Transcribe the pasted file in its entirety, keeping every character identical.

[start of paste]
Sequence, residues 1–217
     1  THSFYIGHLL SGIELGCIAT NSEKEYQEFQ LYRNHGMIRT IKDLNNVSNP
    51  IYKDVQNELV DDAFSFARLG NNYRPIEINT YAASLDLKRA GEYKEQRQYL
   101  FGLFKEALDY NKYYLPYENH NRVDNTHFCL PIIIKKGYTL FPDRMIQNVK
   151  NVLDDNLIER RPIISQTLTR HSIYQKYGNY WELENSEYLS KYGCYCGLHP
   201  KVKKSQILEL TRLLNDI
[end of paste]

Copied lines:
Sequence, residues 1–217
     1  THSFYIGHLL SGIELGCIAT NSEKEYQEFQ LYRNHGMIRT IKDLNNVSNP
    51  IYKDVQNELV DDAFSFARLG NNYRPIEINT YAASLDLKRA GEYKEQRQYL
   101  FGLFKEALDY NKYYLPYENH NRVDNTHFCL PIIIKKGYTL FPDRMIQNVK
   151  NVLDDNLIER RPIISQTLTR HSIYQKYGNY WELENSEYLS KYGCYCGLHP
   201  KVKKSQILEL TRLLNDI